Cognitive Mapping Exercise | Day 1

Which spaces/places matter for you the most, and how are they spatially connected?

Mapping (Cognitive Mapping) helps to get access to interpretations of symbolic structures of the city (Greverus 1972, 1994). One can understand a map as “legible notes”. Mapping helps to get access to the spatial and social structures of the urban fabric and carve out the meaningful spaces and places of districts and neighborhoods as well as your own blind spots. 

As Prof. Kanishka Goonewardena stated during his talk: “Everybody is a cognitive mapper. We were overcame the boundaries of drawing and did exercises in the workshop on cognitive mapping. The outcome is as varied as the perception of the city. Cognitive mapping, however, gives us a chance to get access to the spatial ideas and connections we might have in mind while thinking about specific meaningful spaces or places and their different layers and intersections.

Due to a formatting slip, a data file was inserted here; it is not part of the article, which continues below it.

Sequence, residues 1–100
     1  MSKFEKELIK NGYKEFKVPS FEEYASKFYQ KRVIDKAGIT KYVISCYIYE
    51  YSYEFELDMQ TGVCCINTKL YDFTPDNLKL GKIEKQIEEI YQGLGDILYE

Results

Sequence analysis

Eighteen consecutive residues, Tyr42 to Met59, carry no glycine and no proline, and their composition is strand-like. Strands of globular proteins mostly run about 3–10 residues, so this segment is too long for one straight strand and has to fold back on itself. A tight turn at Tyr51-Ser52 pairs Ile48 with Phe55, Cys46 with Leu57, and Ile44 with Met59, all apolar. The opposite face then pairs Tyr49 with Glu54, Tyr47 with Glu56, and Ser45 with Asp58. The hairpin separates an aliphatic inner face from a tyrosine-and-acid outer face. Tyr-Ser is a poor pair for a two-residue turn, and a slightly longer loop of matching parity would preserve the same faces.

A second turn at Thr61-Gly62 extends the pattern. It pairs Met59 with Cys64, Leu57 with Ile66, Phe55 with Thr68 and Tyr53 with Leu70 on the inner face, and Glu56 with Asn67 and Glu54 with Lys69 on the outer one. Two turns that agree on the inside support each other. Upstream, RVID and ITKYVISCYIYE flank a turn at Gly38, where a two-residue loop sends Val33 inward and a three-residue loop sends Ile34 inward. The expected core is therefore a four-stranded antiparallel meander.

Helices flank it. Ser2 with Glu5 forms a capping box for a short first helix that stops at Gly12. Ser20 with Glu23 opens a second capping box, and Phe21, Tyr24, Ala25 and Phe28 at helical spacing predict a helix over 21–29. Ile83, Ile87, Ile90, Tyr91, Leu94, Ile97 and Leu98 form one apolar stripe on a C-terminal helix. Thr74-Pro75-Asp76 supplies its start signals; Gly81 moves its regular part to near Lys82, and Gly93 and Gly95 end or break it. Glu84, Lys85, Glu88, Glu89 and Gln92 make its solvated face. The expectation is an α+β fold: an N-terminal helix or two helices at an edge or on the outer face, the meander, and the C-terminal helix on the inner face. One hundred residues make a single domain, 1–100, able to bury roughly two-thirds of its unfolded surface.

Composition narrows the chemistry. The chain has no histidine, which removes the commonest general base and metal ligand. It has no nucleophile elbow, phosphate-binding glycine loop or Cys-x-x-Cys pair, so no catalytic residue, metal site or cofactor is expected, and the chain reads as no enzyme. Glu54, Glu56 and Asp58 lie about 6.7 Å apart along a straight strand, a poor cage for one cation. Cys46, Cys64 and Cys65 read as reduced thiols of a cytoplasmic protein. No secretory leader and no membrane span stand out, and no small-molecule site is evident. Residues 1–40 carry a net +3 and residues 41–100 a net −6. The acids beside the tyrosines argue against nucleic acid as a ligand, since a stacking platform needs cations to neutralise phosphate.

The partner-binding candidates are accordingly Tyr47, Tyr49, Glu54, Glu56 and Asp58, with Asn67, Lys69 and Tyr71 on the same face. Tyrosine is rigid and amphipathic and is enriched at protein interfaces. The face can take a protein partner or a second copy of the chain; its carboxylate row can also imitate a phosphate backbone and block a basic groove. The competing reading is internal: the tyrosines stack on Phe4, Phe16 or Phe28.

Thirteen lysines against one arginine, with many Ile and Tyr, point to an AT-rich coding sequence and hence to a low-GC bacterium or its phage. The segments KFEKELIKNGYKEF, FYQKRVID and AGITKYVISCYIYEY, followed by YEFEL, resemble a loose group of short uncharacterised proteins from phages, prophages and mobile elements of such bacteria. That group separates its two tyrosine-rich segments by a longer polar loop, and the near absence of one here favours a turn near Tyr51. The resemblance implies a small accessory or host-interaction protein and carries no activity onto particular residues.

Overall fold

Posted by:Dr. Carolin Genz

Dr. Carolin Genz is currently a Postdoctoral Research Fellow and Lecturer at the Department for Cultural and Social Geography at the Humboldt-University and Research Associate in the Collaborative Research Centre 1265 "Re-Figuration of Spaces" in the project area "Knowledge of Space" at Technische Universtität Berlin. As an urban anthropologist in the intersecting fields of social anthropology, human geography, and urban studies, she constantly develops ethnographic methods to capture the socio-spatial constitution of urban practices. Her research focuses on spatial theory and practices of resistance, housing, and gender.

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